Testifying on the said observation, Forester Pobre explained:
Q: Aside from the verification and plotting what else did you do?
A: I prepared a sketch map showing their relative locations and area of the land sir.
Q: Now . . . in this sketch plan that you prepared . . . will you indicate here the exact location of the property involved in this case . . . in relation to this sketch?
A: The area is located in Matain, Subic, within Project 13-G of Subic, Zambales Sir.
Q: My question to you Mr. witness is: will you show to the Honorable Court the location of the parcel of land of the heirs of Antonia Labalan as appearing in this sketch plan?
A: In front of that dogpatch in Matain, opposite Sir.
Q: So . . . in other words based on this plotting . . . the land in plot falls inside Project 13-G of LC Map 2427?
A: Yes, sir. 15
On cross-examination, Forester Pobre declared:
Q: Can you tell us how come the timber land was incorporated in this land classification map?
A: There was already classification made in Subic before this area was made classification.
Q: You made it understand that prior to 1961 there was already land classification map conducted?
A: Yes, your Honor.
Q: And in that map it was also shown that the area which are timber land and the area which are actually disposable
A: Yes, your Honor.
Q: Do you know that map number of the land with respect to Subic?
A: Yes, your Honor.
Q: What is the number?
A: 665 Sir.
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Q: Are you in position to tell the Court that the location of that land covered by that title of Labalan in this classification map 665.
A: I can show you the approximate location.
Q: Are you referring to the land titled covered by the Labalan?
A: Yes, your Honor.
Q: Will you bindly (sic) show to us where that land is located? (witness indicating the location near Calapacuan to that area covered by the word Calapacuan and Mt. Panaligan).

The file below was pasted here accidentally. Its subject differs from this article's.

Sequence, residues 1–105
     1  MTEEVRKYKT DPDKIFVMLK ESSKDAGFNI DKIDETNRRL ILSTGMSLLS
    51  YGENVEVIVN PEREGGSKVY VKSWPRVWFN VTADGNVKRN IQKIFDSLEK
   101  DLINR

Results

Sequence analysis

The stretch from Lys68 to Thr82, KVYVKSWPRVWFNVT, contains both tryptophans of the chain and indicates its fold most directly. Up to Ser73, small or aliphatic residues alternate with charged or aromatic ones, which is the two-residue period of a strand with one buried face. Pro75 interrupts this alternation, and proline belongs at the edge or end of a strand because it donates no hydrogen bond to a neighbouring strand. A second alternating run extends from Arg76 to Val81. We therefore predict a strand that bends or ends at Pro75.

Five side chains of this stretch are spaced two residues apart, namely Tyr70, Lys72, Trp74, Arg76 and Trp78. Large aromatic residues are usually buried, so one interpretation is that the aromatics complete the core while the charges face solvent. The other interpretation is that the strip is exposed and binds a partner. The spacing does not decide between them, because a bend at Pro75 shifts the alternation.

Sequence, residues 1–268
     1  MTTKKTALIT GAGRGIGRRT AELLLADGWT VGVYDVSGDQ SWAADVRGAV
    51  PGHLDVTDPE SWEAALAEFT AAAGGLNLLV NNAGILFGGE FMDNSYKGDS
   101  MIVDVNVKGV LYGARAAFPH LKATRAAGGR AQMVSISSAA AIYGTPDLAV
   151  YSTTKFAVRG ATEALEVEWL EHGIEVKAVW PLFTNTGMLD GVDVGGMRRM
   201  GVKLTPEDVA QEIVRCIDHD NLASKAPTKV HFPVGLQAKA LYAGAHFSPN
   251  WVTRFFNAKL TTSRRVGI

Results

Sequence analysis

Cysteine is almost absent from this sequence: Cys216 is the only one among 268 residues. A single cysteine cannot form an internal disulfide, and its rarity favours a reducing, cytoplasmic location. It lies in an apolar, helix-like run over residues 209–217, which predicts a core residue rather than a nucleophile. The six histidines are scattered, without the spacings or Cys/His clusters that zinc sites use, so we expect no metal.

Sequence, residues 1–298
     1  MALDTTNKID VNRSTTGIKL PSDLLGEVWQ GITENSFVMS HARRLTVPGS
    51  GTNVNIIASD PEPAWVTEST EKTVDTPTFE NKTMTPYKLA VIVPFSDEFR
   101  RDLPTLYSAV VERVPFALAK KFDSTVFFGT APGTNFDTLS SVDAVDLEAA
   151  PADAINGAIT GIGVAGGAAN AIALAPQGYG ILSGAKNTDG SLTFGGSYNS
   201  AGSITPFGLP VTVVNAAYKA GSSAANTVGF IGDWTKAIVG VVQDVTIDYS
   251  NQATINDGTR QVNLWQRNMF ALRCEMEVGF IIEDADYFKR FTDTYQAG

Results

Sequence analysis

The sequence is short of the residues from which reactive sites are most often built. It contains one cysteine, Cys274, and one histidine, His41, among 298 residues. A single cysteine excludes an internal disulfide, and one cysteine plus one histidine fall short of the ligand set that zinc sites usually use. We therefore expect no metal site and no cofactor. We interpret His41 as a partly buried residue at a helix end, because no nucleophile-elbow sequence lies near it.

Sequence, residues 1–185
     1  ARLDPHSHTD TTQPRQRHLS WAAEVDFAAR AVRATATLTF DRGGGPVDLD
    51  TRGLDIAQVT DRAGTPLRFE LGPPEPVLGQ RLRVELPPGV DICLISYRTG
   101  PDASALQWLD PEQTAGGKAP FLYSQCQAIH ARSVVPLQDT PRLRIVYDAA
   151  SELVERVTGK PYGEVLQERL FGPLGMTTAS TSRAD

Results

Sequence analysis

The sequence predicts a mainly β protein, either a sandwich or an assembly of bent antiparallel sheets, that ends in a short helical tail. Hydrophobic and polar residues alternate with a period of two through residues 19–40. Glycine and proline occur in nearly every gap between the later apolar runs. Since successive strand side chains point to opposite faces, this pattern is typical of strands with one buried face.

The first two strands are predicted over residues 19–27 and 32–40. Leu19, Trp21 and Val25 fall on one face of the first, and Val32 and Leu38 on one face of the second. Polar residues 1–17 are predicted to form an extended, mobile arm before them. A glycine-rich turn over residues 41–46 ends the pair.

And by the reason of the place you pointed to am I correct to say that the land is within the alienable and disposable portion of land classification map 665?
A: No your Honor because it was not released, it was not alienable during that time.
Q: It is not within the alienable and disposable as indicated therein?
A: No, your Honor.
Q: Where is the alienable and disposable and will you indicate here?
A: Outside the right portion sir, beyond this right sir. This is the boundary of all this land are all timber land.
Q: Will you point the alienable and disposable area in this map?
A: This one up to here, up to this right, below this right, sir.
COURT: Go ahead.
ATTY. ROQUE: Are you saying Mr. Pobre all of the area comprises within the Municipality of Subic are within the land classification map Project 13-G?
A: No, your Honor, a portion only.
Q: How about Barrio Matain was it within part of Subic was not within Project 13-G?
A: Calapacuan, Nausog and other barrio separate Calapacuan, and Matain because it is within that Project 13-G.
Q: And you agree with me Mr. Pobre that there is something mentioned here nor in land classification map 2427 that Barrio Matain, Subic is within Project 13-G?